I caught up with Alisa and Emma Murphy, the two co-founders of Life Size Media, a creative communications agency dedicated to promoting sustainable innovators and we got chatting.
During our conversation, we spoke about how they started the company, setbacks they faced earlier in the business and running a family business.
Can you give us some background information about the both of you?
Emma: Well, I had an initial interest in genetics, but decided to opt for fewer labs and more lions and graduated in zoology and conservation. After spending many of my days with birds and binoculars I decided to get creative with carbon markets for a carbon offsetting company, before I co-founded Life Size Media in 2010.
Alisa: I suppose I have quite an eclectic collection of experiences that are from roads less well travelled for someone working in the sustainability sector. But, I’ve developed a strong foundation in public relations, having been a producer on independent films and the CEO of a carbon capture and storage company, which were all great experiences for co-founding Life Size Media.
So how did you both initially get into business?
Emma: We started working together when we made a documentary together. Since then, while we were working in ‘normal’ jobs, we always discussed the business we would set up, what our office would be like, how great it would be… we were just waiting for the right opportunity.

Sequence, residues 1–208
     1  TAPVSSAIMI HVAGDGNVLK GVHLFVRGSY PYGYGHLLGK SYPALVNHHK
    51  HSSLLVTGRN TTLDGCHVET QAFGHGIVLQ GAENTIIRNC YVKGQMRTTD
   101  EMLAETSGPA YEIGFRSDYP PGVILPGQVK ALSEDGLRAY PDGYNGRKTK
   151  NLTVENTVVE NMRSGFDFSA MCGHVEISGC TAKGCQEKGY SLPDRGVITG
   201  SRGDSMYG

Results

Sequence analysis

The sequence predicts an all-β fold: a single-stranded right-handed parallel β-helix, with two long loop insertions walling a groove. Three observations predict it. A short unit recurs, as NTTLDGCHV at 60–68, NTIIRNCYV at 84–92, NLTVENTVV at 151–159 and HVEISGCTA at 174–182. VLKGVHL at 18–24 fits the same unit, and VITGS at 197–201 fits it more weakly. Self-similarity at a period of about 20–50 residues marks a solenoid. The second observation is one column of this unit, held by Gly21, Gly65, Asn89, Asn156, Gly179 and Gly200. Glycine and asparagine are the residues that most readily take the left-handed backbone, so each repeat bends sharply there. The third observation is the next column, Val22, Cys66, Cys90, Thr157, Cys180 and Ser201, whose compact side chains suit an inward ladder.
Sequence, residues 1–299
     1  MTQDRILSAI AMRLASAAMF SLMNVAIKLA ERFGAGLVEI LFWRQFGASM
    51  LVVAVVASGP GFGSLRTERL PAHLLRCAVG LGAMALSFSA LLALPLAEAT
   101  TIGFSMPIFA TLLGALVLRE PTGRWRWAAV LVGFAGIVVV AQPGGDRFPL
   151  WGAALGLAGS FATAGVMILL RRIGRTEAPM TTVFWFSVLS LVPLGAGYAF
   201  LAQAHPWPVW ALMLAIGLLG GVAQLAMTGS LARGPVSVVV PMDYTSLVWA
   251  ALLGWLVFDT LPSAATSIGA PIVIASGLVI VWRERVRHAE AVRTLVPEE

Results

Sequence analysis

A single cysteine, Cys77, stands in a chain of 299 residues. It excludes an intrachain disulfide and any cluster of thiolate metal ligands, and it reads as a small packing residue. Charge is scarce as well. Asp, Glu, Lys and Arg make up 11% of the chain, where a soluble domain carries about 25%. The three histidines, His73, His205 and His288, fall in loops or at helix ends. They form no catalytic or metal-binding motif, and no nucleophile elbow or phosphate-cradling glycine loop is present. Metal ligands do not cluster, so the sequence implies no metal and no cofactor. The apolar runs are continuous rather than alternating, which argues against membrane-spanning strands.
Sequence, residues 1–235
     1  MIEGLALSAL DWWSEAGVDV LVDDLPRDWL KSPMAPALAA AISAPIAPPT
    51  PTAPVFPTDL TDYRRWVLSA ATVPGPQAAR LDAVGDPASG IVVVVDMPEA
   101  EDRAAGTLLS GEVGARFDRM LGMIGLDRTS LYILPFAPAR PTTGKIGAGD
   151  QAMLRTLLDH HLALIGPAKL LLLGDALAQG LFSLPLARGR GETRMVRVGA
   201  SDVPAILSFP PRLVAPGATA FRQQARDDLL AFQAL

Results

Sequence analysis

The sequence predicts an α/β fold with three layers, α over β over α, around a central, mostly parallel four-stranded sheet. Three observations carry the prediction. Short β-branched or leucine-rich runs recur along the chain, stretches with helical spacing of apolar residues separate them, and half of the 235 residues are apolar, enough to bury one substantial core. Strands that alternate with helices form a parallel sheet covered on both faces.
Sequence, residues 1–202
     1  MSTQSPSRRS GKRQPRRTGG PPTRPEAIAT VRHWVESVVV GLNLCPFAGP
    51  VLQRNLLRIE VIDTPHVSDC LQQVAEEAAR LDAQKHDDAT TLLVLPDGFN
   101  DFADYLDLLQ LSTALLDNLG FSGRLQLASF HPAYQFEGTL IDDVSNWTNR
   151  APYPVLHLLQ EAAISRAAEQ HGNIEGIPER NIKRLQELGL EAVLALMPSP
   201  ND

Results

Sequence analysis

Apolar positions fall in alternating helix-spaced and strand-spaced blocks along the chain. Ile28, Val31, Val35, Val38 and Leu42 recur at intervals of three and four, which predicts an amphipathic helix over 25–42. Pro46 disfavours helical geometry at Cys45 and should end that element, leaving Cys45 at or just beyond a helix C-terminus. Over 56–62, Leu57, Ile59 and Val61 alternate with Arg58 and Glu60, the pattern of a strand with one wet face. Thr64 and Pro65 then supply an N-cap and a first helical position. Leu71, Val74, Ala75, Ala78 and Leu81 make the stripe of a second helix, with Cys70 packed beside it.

What were you doing before you founded the company?
Emma: I was working in a start up that was looking for ways to connect carbon offsetting with a consumerist lifestyle. It was a great opportunity for me to see how a start-up works. As it was a really small team I got to work on almost everything; developing business concepts, managing projects, sales meetings, ordering the furniture, marketing the business, everything! It was a great crash course; a sort of ‘Introduction to starting your own business’. [I hadn’t really thought about running my own business before that but it turned out I had an unknown flair for it!]
Alisa: Before Life Size I spent some time in industry as the CEO of a carbon capture and storage (CCS) project development company, B9 Coal. I was responsible for developing an extensive public relations campaign, which helped take the company from simply a concept to becoming a key player in the CCS industry. I was also involved with an extensive awareness raising campaign that aimed to promote awareness of the technology and the key issues around decarbonising the power sector. In the company’s first three months, the campaign achieved 61 media hits, including The Financial Times and Reuters, and all key industry publications, so good communications is clearly in my (and our) blood!
How did the idea for Life Size Media come about?
Alisa: To be honest, when the idea first came out it was actually us trying to think of a way that we could continue making films, whilst still earning an income. We immediately hit on PR and social media as it seemed obvious to us that there was a big gap in people really understanding what they were, and they’re also something that is suitable for earlier stage companies. Once we got started though it became so much more than that. We were both really passionate about the opportunity for good story telling, and excited about using a whole range of mediums to achieve that.